• In this illustration, I have purposely used this method of adding the eggs to the noodles. The purpose is to let the eggs coating the noodles. If you do not like the moist soft egg coated noodles, you can prepare the omelette and cut it into strips. You can refer to Vegetarian Tom Yam Bee Hoon for making of omelette strips. The difference is this way of frying noodles will result in moister noodles.

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  • Add in tomatoes and and stir fry for another minutes before scoop out to the plate for serving. Best serve hot with your preferences of garnishes such as coriander leaves, freshly cut chilli or Chinese celery leaves.


CONCLUSION

This noodle dish looks easy to prepare but in fact, it need some practise. The challenges is to ensure the noodles are well coated with eggs and not stick to each other or soggy. To get this texture, the following points have to be taken into considerations:

  • The heat has to be high heat throughout the stir frying. Therefore action have to be fast. If you can’t handle, this, you have to use at least medium heat. High heat is required to ensure that all the fragrances of gingers/shallots/garlics mix well with the noodles and any moisture or water contents dries up quickly. With this, there is less chance for the noodles to get soggy.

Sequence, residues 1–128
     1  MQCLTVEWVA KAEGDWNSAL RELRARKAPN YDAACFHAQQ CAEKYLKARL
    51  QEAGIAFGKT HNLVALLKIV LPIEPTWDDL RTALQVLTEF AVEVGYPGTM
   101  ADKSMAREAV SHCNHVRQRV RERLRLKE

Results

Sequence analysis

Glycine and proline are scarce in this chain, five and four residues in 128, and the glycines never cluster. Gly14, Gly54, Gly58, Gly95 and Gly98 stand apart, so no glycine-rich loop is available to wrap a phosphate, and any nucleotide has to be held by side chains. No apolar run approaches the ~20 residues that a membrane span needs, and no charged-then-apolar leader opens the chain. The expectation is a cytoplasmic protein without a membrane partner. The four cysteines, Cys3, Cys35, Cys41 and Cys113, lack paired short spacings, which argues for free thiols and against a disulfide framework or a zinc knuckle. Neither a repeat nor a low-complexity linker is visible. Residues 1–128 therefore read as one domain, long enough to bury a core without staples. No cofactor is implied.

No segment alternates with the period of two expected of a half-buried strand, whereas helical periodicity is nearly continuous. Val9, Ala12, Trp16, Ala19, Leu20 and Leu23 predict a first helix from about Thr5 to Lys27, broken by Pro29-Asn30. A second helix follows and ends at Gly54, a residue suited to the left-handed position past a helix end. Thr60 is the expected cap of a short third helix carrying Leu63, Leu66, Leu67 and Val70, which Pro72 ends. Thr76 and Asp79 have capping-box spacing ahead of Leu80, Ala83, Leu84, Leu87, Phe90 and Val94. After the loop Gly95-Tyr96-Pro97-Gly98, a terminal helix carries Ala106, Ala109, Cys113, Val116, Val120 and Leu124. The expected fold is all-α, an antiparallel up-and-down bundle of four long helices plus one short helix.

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  • There is always a trade off between the look of your final cooked noodles and the amount of cooking oil used. You have to chose whether you want to have a healthier dish (using less oil) but an uglier dish (may be a bit out of shape as some of the noodles may stick to your frying pan). If you want to have an impressive non stick noodles, you will have to use quite a lot of oil to achieve that effect.

  • Unlike fried rice vermicelli and Kway Tiao, the water used for simmering the vegetables or side ingredients cannot be too much, otherwise, your noodles will be soggy and stick to the frying pan. If you have accidentally added too much water, you would rather let the water dry up first (meaning cook a bit longer) rather than having some soggy noodles.

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  • If you do not like moist egg coated noodles, you can use egg omelette strips.

  • All side ingredients in this illustrations are optional and substitutable. Please use what you like to fry the noodles. I have raid my fridge to come out with this and is a vegetarian version. Otherwise, I would have added pork belly meat, prawns and even some dry shrimps. So, use whatever that your family likes to cook the noodle dish.

  • Though all ingredients appeared to be optional, however, the selections will usually based on the colour of the side ingredients and a good combination of colour will make the dish looks appetizing. I usually used tomatoes or carrots for orange, chillies for red colour, choy shym or leafy vegetable for green, dried mushrooms or black fungus for black,  and corns or eggs for yellow colour. This minute detail of colour combination will make this simple dish becoming a presentable dish.

  • Remember that this method of cooking is equally applicable to fried yellow noodles, rice vermicelli, Kway Tiao, Pad Thai and etc..

Hope you like the post today and have a nice day ahead. Cheers.

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Nostalgic Soup Than Can’t Erase From My Mind–Chinese Style Potatoes Soup

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Updated Post on 9-10-2014